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The Schmooze

The National Enquirer Asks Court To Dismiss Richard Simmons’ Lawsuit Because ‘Getting A Sex Change Isn’t Shameful’

The National Enquirer is perhaps best known for publishing such groundbreaking titles as “Jennifer Aniston Is Pregnant By an Extraterrestrial” and “[Insert Name of Female Celebrity] Has a Nervous Breakdown Amidst Rumors Of Husband’s Affair With a Younger Woman.” It’s no surprise that the publication spends more each year fighting defamation lawsuits than any other media outlet.

Rarely, however, do these lawsuits incur as much public attention as the one filed by Richard Simmons, the fitness guru and frequent recurring participant in celebrity game shows.

Simmons sued the National Enquirer after they published a series of false “exposés” on his supposed “sex change.” Calling it a “world exclusive,” one such cover promised details of Simmons’ “secret boob job and castration surgery” accompanied by words such as “exposed” and “unmasked.” The article referred to Simmons’ alleged sex change as “bizarre” and “shocking.”

In short, the article was typical of the trashy tabloid. It treated surgical transitioning as a scandal instead of a private procedure that human beings decide to undertake for reasons that are not of the public’s concern.

Which is why it’s interesting that American Media, Inc., the company that publishes the National Enquirer, is attempting to get the court to dismiss the suit by arguing that it’s not “inherently shameful” to pursue transitional surgery.

“It’s the height of sophistry to claim to be a supporter of LGBTQ rights, yet also claim to be defamed by being identified as transgender,” said a spokesperson for American Media to ABC News.

To fully understand this argument and its implications, one must first understand what defamation means.

Defamation, or “libel”, is any written statement that is 1)untrue, 2) causes harm to the person at whom it’s directed, and 3)has been made without proof of a genuine effort on the part of the publication to deduce its veracity.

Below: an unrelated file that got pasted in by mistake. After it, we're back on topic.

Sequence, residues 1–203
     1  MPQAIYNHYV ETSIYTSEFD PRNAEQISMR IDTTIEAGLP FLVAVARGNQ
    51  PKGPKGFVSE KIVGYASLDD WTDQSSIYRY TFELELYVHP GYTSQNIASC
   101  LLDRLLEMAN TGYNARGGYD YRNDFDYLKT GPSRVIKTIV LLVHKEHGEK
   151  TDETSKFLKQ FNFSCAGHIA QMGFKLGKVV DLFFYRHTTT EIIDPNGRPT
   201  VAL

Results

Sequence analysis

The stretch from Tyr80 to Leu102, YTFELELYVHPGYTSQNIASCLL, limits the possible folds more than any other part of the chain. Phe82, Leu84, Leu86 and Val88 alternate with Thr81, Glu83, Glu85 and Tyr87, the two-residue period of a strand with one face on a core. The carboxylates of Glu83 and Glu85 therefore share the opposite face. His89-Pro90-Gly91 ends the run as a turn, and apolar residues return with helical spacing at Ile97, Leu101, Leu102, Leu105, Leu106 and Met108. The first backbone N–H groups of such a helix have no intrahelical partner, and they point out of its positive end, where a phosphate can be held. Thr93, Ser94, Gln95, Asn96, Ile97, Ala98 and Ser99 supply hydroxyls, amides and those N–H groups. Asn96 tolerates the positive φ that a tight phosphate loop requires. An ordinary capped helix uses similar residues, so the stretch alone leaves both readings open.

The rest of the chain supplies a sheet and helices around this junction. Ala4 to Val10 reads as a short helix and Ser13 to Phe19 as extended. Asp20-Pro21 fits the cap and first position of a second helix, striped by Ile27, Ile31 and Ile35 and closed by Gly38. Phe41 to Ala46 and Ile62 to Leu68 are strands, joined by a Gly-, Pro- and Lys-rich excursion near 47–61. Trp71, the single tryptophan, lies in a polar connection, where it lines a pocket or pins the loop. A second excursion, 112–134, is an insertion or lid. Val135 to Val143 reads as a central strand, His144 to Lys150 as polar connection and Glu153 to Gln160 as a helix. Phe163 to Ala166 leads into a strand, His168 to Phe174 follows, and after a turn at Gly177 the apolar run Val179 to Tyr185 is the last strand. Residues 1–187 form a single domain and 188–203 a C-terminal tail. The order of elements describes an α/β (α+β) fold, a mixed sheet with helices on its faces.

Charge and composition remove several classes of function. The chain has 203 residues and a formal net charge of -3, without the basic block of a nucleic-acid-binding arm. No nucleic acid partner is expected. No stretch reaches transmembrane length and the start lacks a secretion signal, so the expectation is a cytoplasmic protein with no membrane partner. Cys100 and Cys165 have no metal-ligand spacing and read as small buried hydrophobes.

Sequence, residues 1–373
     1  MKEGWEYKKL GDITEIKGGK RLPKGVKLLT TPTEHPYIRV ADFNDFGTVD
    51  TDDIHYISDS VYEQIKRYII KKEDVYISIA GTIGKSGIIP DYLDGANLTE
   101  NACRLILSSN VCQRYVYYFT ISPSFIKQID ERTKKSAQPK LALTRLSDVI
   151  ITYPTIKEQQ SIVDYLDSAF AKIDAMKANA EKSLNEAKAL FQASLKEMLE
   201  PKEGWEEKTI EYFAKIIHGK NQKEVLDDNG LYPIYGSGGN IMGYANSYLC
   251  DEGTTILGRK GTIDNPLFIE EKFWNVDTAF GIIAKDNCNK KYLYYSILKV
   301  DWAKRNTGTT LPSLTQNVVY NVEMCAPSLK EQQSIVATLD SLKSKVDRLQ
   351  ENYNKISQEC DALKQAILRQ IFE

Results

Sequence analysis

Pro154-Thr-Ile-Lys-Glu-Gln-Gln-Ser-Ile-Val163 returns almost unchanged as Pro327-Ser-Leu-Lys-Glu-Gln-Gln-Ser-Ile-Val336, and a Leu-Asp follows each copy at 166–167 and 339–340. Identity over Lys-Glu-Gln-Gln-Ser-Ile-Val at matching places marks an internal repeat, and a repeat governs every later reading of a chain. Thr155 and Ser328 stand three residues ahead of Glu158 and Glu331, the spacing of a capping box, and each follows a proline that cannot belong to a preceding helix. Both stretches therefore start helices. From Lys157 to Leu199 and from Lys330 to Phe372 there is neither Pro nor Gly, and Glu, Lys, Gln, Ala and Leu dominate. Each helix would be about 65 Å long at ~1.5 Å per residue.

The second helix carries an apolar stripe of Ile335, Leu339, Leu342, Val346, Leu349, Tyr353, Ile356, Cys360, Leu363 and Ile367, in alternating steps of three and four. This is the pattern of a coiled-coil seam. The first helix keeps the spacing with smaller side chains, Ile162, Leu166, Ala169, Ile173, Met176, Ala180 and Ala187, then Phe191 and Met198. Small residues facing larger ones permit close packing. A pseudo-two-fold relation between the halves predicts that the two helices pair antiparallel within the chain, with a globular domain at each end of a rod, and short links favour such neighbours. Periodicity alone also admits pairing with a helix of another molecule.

While the veracity of a claim like “Richard Simmons underwent sex reassignment surgery” may be black and white, the legal quandary at the center of Simmons’ lawsuit is this: is it harmful to out somebody as transgender?

In other words, how far has our country come in its societal acceptance of transgender individuals? And by what metric can a legal body make that assertion?

Last Thursday, Simmons filed a response to American Media’s attempt to get the lawsuit thrown out.

“It is unclear why — if society (and AMI purportedly with it) so embraces the transgender community — that AMI would characterize its articles as ‘exposing’ Mr. Simmons or use the word ‘bizarre’ to characterize his alleged new life as a trans woman. Surely, if AMI’s readers rejected prejudice against trans people, such phrasing would not help sell magazines or promote internet clicks. AMI cannot at once cynically and deliberately publish falsehoods about Simmons that it touted to the world as ‘shocking’ and ‘bizarre,’ intentionally pandering to prejudice, and then righteously pretend that such prejudice does not exist.”

Simmons has referred to the National Enquirer’s articles as “cruel and malicious” but is it actually cruel and malicious to allege that someone has undergone sex transition surgery? In a perfect world, no. Individuals choose to undergo such surgeries all the time. It’s a private decision, not a public aggression and should be treated as such.

But we don’t live in a perfect world. We live in a world where transgender women are killed at a rate of over 4 times that of cis-women. We live in a world where transpeople are banned from using the bathroom that matches their gender identity.

We live in a world where the President of the United States has proudly proclaimed his intention to ban transgender individuals from the military for no reason more complex nor forgivable than their trans status.

The legal progress made on the LGBTQ front does not mean that middle school boys will stop lobbing the word “gay” at each other as an insult. Just because Caitlin Jenner is featured on the front cover of Vogue doesn’t mean that trans women walking the streets aren’t a target of hateful, ignorant, often dangerous people.

In an era where public opinion is louder and more divisive than ever, decisions like the one the court will have to make in Richard Simmons’ lawsuit are incredibly important. Denying the still prominent, still dangerous existence of transphobia in this country will not only halt progress — it will result in a backslide the transgender community and their allies cannot afford to risk.

Becky Scott is the editor of The Schmooze. Follow her on Twitter, @arr_scott


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